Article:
Nebraska’s tech industry has come a long way over the past few decades, creating an innovative community spurred by colleges and universities and supported by several organizations looking to help bring inspiration to the market. In the tech space, there have been many recent successes that have put Nebraska on the map: Spreetail, a Lincoln-based […]
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Nebraska’s tech industry has come a long way over the past few decades, creating an innovative community spurred by colleges and universities and supported by several organizations looking to help bring inspiration to the market. In the tech space, there have been many recent successes that have put Nebraska on the map: Spreetail, a Lincoln-based e-commerce company received a $208 million funding round in February; this past July, Lincoln’s Monolith, a producer of clean hydrogen, carbon black and ammonia, received a $300 million round. When it comes to funding at the early stages, however, it can be hard to come by. “Like most ecosystems, talent and funding are pressing issues, particularly available pre-seed/seed funding in the range of $100,000 to $1 million and management talent to help move early startup businesses forward,” said Brad Roth, president and executive director of NUtech Ventures and associate vice chancellor of technology development at the University of Nebraska-Lincoln. “Every early-stage founder or somebody that’s just starting out, at some point sooner or later, will need access to capital and that’s a really tough thing to come by,” said Jake Burklund, president of the board of Scale Omaha. Crunchbase reported that of the top 26 states in early-stage funding activity in second quarter/third quarter 2021, six were in the Midwest. Of these, half (Ohio, Michigan, Minnesota) were up between 500% and nearly 700% and the other three (Illinois, Colorado and Missouri) grew between 86% and 210%. Nebraska, however, was nowhere to be found.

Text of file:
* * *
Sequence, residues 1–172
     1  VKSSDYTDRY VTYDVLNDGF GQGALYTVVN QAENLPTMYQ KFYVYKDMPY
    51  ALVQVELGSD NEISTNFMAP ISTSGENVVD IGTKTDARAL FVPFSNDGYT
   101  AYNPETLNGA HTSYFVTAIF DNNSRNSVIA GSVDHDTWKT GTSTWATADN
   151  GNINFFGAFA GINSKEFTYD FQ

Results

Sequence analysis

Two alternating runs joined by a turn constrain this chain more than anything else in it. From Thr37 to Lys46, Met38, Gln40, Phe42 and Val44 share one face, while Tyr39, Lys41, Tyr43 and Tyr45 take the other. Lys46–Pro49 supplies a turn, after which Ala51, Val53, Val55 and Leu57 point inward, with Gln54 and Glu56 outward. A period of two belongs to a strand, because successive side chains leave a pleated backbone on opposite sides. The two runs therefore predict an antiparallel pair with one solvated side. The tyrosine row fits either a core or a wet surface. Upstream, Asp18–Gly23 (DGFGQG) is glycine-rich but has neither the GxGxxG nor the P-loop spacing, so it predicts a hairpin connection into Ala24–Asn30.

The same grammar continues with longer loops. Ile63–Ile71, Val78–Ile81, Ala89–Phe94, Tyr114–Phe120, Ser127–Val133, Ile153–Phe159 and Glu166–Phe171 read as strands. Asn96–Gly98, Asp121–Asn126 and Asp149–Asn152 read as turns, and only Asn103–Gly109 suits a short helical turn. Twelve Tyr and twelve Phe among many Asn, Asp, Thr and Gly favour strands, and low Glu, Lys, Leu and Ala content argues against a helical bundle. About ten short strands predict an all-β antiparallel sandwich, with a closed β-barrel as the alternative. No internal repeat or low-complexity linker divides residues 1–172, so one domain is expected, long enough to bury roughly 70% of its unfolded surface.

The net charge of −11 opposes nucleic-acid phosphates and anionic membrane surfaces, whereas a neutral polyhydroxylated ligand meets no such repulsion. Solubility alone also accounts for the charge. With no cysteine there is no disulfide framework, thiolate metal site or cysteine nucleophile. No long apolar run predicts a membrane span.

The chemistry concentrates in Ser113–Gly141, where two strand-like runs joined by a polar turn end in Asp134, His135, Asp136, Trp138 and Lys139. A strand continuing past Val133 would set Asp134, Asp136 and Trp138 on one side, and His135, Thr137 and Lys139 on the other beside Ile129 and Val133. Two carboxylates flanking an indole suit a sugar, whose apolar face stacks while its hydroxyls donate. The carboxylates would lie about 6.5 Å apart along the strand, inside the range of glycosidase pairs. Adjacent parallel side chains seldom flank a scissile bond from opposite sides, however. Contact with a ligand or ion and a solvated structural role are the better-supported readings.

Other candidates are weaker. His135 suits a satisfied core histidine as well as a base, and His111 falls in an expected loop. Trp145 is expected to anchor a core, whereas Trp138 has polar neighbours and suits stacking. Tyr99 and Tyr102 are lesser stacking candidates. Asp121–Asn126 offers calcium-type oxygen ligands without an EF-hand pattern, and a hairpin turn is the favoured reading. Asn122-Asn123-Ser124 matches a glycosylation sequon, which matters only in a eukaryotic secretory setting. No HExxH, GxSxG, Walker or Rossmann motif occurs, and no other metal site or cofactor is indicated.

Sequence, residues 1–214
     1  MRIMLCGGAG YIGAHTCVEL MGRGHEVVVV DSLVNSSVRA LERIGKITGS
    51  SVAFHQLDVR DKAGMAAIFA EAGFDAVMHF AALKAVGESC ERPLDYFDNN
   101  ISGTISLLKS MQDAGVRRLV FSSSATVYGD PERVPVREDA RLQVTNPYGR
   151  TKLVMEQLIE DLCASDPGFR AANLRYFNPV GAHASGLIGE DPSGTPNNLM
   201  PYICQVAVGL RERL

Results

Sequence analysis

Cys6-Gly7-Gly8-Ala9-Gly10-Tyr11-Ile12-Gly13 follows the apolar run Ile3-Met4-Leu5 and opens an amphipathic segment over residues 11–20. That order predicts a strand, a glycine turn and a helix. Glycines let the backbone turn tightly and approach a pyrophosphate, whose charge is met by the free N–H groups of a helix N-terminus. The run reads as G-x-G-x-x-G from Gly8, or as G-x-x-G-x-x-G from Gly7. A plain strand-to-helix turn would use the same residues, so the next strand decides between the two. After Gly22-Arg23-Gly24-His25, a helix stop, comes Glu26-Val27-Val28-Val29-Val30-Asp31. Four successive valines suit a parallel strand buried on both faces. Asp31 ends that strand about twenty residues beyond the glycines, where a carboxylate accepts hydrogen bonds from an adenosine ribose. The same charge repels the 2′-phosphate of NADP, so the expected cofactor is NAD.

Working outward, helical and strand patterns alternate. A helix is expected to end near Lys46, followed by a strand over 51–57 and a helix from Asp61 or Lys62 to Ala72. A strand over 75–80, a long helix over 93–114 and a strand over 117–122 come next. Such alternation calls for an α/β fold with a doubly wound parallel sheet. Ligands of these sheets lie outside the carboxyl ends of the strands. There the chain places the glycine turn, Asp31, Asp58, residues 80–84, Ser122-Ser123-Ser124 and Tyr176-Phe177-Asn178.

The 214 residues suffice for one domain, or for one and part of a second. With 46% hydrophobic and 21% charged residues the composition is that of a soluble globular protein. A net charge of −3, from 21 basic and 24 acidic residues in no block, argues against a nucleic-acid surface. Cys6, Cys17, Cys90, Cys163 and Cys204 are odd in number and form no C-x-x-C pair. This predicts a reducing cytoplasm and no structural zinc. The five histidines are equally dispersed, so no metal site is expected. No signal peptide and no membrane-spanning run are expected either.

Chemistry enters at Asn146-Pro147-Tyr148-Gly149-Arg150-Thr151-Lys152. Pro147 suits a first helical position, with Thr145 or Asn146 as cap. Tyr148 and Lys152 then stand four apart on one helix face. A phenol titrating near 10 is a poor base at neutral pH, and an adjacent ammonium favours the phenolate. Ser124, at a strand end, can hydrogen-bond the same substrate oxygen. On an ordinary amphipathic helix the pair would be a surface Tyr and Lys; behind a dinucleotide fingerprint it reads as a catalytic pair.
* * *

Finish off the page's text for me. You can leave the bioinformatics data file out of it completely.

Good Ideas AboundWith the number of ideas and innovation being brought forth by Nebraska entrepreneurs, local organizations are spurring more efforts to bring those ideas to fruition. Nebraska Enterprise fund, which provides funding and loans to small and micro-businesses, is administering $10.5 million in State Small Business Credit Initiative funding through the Nebraska Department of Economic Development. According to Executive Director Jim Reiff in a press release, the SSBCI funds administered by NEF will focus primarily on what are termed the SEDI populations – social, economic, disadvantaged individual business owners. Pitch competitions are also giving opportunity to newly-formed businesses such as Pitch Black, hosted by the Midlands African Chamber, UNO’s BigIdea! Pitch Contest and Get Started Omaha. These efforts, however, can only accommodate for some of the ideas on the table. “Nebraska has a vibrant startup community in ag tech, food tech, fintech, HR tech, sports tech, among others,” Roth said. “Additionally, Nebraska is ripe for continued development and expansion of the ag tech and food tech market verticals in view of the existing customers in production agriculture and food manufacturing.” Experts agree that potential has never been the problem in Nebraska, a fact that invigorates various entities set up to foster and grow the state’s startups. Burklund’s organization, for example, broke away from The Startup Grind to adjust to more local market forces and opportunities in the belief that connecting entrepreneurs and various resources, financial or otherwise, best starts at home. “Our mission is to gather, educate and inspire local entrepreneurs and hopefully facilitate meaningful connections through events,” he said. “As an organization, we really want to get all of the local entrepreneurs together and anyone that’s really adjacent to that as well, connecting with the investment community and supporting organizations around Omaha. “Being our own organization, we can focus on our own ecosystem, which does have differences from Silicon Valley and even places like Austin, New York and those types of cities, which are a little bit different.” NuTech Ventures, a nonprofit affiliate of the University of Nebraska providing technology commercialization services for the UNL and University of Nebraska at Kearney campuses, has also leveraged the power of partnerships both inside the state and with entities in other states that mirror Nebraska’s opportunities and challenges. “Certainly, it is important for NUtech to continue to strive to maximize the opportunities we have to commercialize more university technology with the aim to provide broad, real-world impact,” Roth said. “We are committed to this mission and seek creative ways to grow our business and impact. “Part of the solution is to partner judiciously, yet broadly, with our ecosystem partners on, and outside of, the university campus. To that end, we have existing partnerships and dialogue with most, if not all, of the entrepreneurship programs on campus, as well as with Nebraska Business Development Center, NMotion, LPED, Invest Nebraska, Innosphere Ventures in Fort Collins, Colorado, the NSF Great Lakes I-Corps Hub, Pipeline Entrepreneurs in Kansas City, Destination Startup in Boulder, Colorado, and others.”